In February 2022, Adivasis in Gadchiroli’s Bhamragad taluka called a huge protest after the police arrested a few Adivasis, accusing them of helping Naxals in an incident, wherein Naxalites had allegedly burned around 21 vehicles in the nearby village. One of those who were arrested, a college-student Prakash, was found to have not been in the region at all at the time of the incident, as he was in the taluka place answering his college examination at the time. While Prakash was later released by the police, the incident highlighted the allegations by the Adivasis that they were being arrested arbitrarily.


Also Read: What made Gadchiroli Adivasis protest?


Mangesh and Sushila Narote, Adivasi couple and activists from Besewada village told Indie Journal on an earlier occasion that they have been facing constant police action since the last nine years.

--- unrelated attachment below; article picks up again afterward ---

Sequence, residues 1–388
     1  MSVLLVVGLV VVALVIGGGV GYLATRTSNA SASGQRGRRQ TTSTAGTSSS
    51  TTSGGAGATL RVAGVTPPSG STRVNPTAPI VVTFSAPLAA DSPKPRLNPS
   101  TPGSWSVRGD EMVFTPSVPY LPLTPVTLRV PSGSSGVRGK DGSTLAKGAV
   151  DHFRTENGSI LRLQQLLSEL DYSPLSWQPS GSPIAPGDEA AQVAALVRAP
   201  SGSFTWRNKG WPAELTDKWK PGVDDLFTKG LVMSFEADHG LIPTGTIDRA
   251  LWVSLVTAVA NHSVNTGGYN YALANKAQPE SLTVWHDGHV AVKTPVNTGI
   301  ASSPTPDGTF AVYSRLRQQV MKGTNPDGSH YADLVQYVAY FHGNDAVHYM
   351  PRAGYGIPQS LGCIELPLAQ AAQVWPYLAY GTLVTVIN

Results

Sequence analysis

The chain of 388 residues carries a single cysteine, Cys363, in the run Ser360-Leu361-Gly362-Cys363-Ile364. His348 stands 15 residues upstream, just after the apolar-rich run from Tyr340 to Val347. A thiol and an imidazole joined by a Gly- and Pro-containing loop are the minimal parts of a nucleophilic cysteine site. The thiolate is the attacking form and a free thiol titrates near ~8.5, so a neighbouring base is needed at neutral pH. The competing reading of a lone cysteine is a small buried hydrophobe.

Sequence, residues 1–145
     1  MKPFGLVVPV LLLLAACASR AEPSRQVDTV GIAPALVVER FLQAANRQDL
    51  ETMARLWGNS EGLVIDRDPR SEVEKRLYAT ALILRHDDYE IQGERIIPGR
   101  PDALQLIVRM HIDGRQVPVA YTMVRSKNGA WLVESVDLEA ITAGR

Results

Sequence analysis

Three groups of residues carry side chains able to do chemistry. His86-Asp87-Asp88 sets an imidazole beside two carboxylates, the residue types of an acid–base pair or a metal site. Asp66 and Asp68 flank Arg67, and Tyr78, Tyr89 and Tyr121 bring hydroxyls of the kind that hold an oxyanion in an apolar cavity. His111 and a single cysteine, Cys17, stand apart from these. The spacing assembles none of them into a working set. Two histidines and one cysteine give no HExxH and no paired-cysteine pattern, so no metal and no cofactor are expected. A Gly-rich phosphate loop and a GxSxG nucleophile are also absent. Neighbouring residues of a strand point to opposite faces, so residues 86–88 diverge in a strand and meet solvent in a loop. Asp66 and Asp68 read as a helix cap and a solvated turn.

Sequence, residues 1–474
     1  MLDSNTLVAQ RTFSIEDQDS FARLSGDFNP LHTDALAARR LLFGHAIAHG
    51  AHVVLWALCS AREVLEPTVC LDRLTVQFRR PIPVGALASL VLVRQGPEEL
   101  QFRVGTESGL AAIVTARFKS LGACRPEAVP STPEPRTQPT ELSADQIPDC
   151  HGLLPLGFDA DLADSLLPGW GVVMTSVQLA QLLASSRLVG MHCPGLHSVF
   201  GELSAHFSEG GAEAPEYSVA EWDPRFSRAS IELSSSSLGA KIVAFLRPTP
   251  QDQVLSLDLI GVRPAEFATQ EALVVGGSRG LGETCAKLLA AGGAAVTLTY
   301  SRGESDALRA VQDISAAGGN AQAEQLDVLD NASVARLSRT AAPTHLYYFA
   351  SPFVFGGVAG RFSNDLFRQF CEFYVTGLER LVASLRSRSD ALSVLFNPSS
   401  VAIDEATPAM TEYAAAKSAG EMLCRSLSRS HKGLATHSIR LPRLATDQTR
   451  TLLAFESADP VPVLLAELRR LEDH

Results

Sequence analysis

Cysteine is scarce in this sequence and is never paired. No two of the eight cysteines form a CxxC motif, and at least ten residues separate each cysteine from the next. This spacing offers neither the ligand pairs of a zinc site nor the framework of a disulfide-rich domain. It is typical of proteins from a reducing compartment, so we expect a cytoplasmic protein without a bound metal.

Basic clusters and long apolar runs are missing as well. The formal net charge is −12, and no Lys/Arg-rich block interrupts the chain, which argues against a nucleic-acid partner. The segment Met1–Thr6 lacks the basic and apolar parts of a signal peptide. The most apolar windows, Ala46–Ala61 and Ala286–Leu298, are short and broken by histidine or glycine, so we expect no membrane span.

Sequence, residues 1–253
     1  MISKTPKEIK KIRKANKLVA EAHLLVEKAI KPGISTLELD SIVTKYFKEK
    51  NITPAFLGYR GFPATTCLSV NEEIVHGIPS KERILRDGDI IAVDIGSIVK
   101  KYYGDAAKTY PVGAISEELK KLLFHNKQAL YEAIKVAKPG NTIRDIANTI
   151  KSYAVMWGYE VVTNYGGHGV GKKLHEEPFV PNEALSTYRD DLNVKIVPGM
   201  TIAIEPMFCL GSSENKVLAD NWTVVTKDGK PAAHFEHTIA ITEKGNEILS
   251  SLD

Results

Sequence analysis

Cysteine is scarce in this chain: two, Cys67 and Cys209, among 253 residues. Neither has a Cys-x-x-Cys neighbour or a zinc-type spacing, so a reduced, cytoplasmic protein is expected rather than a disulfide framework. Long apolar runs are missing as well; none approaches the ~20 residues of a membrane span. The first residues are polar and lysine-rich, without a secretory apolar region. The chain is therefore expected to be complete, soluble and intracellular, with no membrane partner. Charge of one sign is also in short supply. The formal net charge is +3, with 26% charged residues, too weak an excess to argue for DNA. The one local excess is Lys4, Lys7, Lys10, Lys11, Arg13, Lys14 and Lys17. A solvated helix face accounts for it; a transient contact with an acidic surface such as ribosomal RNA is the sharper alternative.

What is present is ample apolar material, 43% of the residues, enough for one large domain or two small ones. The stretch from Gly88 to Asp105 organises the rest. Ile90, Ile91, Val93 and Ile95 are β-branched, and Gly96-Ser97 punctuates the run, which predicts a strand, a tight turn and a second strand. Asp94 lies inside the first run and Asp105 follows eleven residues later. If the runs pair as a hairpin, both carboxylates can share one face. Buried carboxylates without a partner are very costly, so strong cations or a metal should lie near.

The Adivasis have presented a comprehensive set of demands to the Congress, before offering them any support.

“We demand that all the rules of the fifth and the sixth schedule be implemented in our tribal region. We also want all the new mines that have been proposed in the region be cancelled immediately. We want the PESA and Forest Rights Act to be implemented completely here,” Pada said.

The Forest Rights Act, 2006  recognises the forest rights and occupation in forest land in forest dwelling Scheduled Tribes and other traditional forest dwellers who have been residing in such forests for generations but whose rights could not be recorded. PESA rules were designed to recognise and enforce tribal local self-governance.

But apart from these, the tribals also want their MP to care about the basic amenities required in their villages.

“We do not have a health centre in Rekameta, the nearest one is in Gatta, which is 12 kilometres away,” Kavdo said. The problem of the lack of healthcare extends to the other tribal tehsils of the district as well, from where we have seen multiple stories of people having to walk miles just to get to the most basic healthcare facilities.